By Lt. Col. John Bryan, 78th ABW/PA
/ Published March 21, 2008
Robins Air Force Base, Ga. -- Everyday, the 22,000-plus members on Robins Air Force Base get a helping hand from a group called the Houston County Association for Exceptional Citizens, or Happy Hour Service Center, as it's commonly known.
From picking up recyclables such as paper, cardboard, plastic and newspaper in every work center around base to hardware sorting for Air Force planes to de-numbering tools for the 402nd Maintenance Wing, Happy Hour and its 170 "consumers" do their part to support the warfighter.
Not only does Happy Hour help support the mission of the Air Force, it also benefits the consumers, the developmentally disabled citizens who work at the service center. Happy Hour runs programs for consumers to include self-help, socialization and adaptive skills for daily living, work skill training, recreation, community integration, outreach services and residential services.
"Consumers are training in daily living skills, communication skills, social skills and work adjustment skills. Everyone is guided toward reaching his or her fullest potential," said Jim Cheshire, associate director for the Happy Hour Service Center. "We put people who want to work into paying jobs, and provide a quality service to Robins and our surrounding communities everyday."
Mr. Cheshire, a retired Air Force B-52 pilot, has been working at Happy Hour for nearly 20 years and has seen the non-profit organization grow into a $4 million example of how good ideas turn into a huge community partner.
"I guess you could say I'm doing what I really love," Mr. Cheshire said. "Seeing these hard-working patriots come to work with smiles on their faces each day gives me an incredible amount of pride to be here."
Started in 1956, the center began in modest surroundings at the local Second Baptist Church. It has since expanded to four buildings, which house workshops, administrative offices and classrooms. The center also runs two group homes, which serve four consumers each, and an apartment complex, which serves 10 consumers in a semi-independent living environment.
The developmentally disabled adults work with many businesses and organizations in the community, including Robins. They assemble hospital kits for Houston Medical Center, clean bank code cards for 3SI in Macon, Ga.; and, assemble plastic kits for Sunbelt Plastics.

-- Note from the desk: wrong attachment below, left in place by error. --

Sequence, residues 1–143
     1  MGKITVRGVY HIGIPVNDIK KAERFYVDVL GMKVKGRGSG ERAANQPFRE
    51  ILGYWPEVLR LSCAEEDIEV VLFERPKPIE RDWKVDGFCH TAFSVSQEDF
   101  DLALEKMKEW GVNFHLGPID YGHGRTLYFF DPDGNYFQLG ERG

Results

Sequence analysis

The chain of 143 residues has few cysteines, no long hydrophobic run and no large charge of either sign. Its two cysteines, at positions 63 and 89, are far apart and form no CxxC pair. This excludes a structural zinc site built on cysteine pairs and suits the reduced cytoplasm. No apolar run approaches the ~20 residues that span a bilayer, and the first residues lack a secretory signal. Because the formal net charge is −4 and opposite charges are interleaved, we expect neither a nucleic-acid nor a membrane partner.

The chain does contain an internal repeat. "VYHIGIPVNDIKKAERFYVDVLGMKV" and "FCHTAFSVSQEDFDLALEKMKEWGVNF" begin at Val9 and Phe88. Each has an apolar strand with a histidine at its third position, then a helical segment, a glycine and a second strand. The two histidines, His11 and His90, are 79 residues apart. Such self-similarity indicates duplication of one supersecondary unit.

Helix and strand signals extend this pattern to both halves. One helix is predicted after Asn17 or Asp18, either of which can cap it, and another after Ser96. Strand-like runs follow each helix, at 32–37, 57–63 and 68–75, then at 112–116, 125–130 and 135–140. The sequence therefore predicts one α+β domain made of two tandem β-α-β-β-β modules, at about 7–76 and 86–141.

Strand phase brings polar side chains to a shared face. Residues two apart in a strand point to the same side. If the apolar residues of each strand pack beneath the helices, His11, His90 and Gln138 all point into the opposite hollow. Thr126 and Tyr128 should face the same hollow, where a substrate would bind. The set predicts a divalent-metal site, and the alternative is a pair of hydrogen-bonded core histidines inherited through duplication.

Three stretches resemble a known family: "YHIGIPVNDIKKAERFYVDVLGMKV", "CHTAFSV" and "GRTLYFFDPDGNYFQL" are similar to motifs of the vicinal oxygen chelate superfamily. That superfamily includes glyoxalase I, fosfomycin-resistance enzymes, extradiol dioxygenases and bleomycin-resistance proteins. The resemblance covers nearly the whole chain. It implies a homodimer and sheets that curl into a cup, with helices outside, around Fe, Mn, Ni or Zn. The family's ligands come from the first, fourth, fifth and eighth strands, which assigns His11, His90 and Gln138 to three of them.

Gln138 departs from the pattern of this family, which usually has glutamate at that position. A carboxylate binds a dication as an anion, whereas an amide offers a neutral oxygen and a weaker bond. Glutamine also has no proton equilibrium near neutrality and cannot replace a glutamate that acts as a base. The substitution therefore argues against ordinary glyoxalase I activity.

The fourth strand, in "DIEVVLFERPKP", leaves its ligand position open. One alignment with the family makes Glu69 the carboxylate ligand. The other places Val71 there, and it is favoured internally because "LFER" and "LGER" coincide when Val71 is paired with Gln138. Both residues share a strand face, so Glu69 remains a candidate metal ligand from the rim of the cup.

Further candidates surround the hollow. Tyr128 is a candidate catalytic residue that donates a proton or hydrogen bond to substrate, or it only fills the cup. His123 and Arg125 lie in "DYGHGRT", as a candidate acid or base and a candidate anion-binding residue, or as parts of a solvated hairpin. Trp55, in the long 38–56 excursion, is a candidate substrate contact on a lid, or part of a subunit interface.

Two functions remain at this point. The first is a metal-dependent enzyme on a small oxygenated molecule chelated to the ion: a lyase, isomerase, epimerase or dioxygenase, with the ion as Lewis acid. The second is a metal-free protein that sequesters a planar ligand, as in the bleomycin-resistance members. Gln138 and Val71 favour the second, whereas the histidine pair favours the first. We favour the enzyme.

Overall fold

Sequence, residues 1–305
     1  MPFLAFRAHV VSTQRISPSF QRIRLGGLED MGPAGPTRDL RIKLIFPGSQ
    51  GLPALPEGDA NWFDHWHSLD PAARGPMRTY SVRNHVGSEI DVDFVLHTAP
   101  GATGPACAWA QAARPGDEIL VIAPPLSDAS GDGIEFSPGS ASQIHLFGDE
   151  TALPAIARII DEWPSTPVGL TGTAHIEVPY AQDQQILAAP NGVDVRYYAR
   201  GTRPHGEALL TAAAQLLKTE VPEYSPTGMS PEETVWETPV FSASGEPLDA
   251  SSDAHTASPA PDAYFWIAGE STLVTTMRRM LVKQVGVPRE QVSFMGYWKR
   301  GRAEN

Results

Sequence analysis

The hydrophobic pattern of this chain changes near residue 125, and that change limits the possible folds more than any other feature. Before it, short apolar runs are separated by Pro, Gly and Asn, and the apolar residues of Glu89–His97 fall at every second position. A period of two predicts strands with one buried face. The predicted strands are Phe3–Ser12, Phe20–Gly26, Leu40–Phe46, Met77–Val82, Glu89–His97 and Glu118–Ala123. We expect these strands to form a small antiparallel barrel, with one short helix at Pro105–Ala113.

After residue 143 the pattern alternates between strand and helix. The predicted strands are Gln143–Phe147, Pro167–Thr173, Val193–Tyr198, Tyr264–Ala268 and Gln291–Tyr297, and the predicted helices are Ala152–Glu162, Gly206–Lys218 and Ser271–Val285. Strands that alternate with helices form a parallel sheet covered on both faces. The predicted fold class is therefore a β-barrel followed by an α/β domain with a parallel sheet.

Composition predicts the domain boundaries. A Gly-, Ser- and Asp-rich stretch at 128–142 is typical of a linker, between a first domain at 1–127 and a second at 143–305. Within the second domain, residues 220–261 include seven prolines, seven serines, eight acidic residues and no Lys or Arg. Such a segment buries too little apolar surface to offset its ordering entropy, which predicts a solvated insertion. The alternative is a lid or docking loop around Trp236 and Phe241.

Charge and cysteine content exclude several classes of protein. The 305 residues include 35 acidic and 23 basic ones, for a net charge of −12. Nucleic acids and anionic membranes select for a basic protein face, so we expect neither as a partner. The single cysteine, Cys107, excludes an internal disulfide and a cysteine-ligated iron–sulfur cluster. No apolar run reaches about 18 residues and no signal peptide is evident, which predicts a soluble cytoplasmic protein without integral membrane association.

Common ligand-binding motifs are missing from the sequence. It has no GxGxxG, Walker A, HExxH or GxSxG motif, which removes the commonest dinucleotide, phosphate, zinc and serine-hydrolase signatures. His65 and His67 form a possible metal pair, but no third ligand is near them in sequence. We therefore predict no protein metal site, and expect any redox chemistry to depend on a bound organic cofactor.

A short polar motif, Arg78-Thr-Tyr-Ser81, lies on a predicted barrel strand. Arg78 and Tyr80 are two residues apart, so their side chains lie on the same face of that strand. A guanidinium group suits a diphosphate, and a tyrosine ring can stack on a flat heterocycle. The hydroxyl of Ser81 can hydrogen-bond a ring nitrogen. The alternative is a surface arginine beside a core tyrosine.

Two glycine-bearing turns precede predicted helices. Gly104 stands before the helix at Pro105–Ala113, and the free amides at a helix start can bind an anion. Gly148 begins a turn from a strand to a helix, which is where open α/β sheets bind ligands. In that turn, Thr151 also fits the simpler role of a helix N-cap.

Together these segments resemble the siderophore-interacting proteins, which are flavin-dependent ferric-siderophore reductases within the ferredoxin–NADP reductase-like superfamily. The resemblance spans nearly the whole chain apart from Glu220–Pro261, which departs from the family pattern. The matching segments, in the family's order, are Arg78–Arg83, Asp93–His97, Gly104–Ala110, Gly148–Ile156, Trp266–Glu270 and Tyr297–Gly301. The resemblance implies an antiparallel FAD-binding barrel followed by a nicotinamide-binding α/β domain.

"It's important for folks to know our consumers are just like them," Mr. Cheshire said. "They come to work, get a paycheck and pay taxes like all Americans. But most importantly, they live productive lives in the community and have accomplished something when they go home each day. We think that's pretty important."
Consumers who might need a little more direction from instructors to keep them on task, work in workshops at the service center. Others are placed in jobs throughout the community, including three consumers who work at base restaurants.
"We have a community employment program that helps place consumers in various jobs," said Lori Pekny, a human resources assistant at Happy Hour. "Job coaches take them to the job site and train with them and stay in contact with the management to make sure there aren't any problems."
Happy Hour's largest project is recycling. More than two hundred tons of items are recycled each month, and 40 percent comes from Robins. In January alone, Happy Hour consumers hauled away more than 164,000 pounds of recyclable items for the base. Since July, Robins has recycled more than 1.5 million pounds of items, helping divert 750 tons of refuse from going into Houston County's landfill yearly. Much of the recycling proceeds are returned to the base.
Don Kendrick, 78th Contracting Squadron, said Robins has received more than $575,000 in proceeds from recyclable items since October 2004. He said, "Happy Hour does a good job for us and I am sure they do the job for less than it might cost the base to pay another contractor."
Although the amount paid to Happy Hour exceeds the amount returned in proceeds, Ben Torrey, environmental manager in the 78th Civil Engineer Group, said it still costs far less than what it would cost the base to dispose of the material.
"Even though we don't collect enough revenue to cover the cost of the entire contract, it is a cost effective alternative to disposal. Plus, it's environmentally the right thing to do," Mr. Torrey said.
It would be hard to deny the impact Happy Hour has, not only on the environment but especially on the lives of those disabled citizens it serves. Like most consumers at Happy Hour, Joe P. enjoys having a job and being productive.
"I like working for Robins. It is a good job," said Joe P., a consumer at Happy Hour. "I pick up paper and sometimes I sort it here in the workshop."
-- Additional reporting by Kendahl Johnson